One of the hallmarks of any professional musician is the clarity and evenness of the individual notes they play as part of a note-packed passage of music, such as a 16th or 32nd note run.
I recently came across a helpful discovery in this area while practicing my chromatic scale.
Cleanliness is Next to Godliness
Achieving that level of cleanliness is something that comes with years of practice, but I’ve found one concept that had an immediate result for the better in my technique.
I started listening for the “click” of each individual key or key combination as a gentle percussion hit as played by my fingers. The click-click of the keys coming down during, let’s say, a chromatic scale, can be perceived as though it were a perfectly even 16th or 32nd-note snare drum roll.
I describe the percussive effect here as gentle because if I were to think of the individual notes as being overly percussive in nature, then that would mean I’m using too much energy to achieve the nimbleness necessary to get all of those notes out with solid and deliberate-sounding precision.
Ultimately, whenever I’m playing anything, my goal is to embody the complete musical picture (melody, harmony, rhythm, tone quality, feeling, etc), but this is just another way to shake up my perception and get those fingers following the ears.
Attain Virtuosity While Enjoying the Jersey Shore
Some say real virtuosi are too busy practicing to watch TV (crazy talk, I tell ya). Practicing the fingering of scales, arpeggios, etc with perfect timing is indeed something you could, hypothetically, do while watching TV. As long as you hear those keys clicking down in clean and solid 8th or 16th-note rhythms with each note coming out as a singular click (as opposed to a sloppy flam of multiple keys coming down a few milliseconds apart from eachother), then this pastime, sub-optimal as it is, would probably help more than it would hurt.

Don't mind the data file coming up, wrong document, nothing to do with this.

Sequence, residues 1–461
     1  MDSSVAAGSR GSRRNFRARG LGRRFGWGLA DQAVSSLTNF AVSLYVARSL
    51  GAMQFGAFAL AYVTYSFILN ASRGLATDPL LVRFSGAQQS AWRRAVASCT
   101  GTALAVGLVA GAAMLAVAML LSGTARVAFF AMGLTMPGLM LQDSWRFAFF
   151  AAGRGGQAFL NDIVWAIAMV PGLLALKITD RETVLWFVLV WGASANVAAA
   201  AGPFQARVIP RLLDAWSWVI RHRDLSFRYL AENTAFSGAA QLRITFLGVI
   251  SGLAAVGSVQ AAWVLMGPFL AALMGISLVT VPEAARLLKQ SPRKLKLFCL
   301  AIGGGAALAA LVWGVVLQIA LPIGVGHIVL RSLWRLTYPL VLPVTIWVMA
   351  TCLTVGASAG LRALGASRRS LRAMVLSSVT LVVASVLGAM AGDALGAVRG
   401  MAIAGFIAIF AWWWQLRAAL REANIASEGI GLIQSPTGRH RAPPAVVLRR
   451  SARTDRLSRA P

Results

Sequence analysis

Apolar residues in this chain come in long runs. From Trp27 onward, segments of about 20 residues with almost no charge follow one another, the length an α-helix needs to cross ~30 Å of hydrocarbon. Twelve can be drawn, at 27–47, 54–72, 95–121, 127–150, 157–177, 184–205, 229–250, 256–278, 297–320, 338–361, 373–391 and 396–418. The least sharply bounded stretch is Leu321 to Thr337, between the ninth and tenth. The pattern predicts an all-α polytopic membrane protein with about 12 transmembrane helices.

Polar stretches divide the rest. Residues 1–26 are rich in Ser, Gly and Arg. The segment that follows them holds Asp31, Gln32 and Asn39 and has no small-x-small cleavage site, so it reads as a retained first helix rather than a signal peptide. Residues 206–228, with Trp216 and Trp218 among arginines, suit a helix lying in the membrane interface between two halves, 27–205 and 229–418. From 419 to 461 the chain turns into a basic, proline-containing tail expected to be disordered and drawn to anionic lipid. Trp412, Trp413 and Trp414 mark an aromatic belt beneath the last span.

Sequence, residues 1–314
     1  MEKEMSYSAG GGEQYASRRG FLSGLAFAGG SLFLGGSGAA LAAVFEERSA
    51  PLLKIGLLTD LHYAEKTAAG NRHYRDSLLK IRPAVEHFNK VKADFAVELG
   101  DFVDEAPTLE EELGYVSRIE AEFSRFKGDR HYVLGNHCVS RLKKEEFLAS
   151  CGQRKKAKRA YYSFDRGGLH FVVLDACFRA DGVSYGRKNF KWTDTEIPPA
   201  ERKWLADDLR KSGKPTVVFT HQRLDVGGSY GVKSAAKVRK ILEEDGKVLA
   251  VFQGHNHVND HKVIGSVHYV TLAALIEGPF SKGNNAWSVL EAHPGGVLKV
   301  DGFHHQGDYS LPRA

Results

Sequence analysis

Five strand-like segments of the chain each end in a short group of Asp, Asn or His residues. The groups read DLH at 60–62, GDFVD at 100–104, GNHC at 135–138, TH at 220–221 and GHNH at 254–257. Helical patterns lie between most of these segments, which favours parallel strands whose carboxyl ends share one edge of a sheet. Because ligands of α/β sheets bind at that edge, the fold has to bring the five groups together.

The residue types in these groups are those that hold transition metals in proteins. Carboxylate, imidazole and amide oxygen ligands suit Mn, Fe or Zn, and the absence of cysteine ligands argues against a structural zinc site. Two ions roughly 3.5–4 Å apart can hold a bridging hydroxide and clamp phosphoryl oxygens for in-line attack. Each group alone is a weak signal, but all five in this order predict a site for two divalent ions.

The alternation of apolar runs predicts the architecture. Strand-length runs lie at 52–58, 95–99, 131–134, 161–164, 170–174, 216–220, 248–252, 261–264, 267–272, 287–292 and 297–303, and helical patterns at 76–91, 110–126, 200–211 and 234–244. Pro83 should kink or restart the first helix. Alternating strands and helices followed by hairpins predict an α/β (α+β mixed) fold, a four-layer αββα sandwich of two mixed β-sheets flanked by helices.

Only Try This at Home
While practicing a percussive approach to saxophone technique may work for exercises at home, I’ve found that focusing on the rhythmic accuracy of the key-clicks while improvising is a massive distraction. The point here is to develop some solid muscle memory so that we can let loose while we’re being creative.
My former piano teacher once showed me an exercise that really applies to any instrument, and it involves modifying the rhythm of scales and other note-filled passages. I could try and explain it, but suffice to say that practicing this with one’s ear focused on the rhythmic clicking of the keys could be very helpful.
In Action: Johnny Griffin, Champion of Clean Playing (Johnny’s solo at 3:48).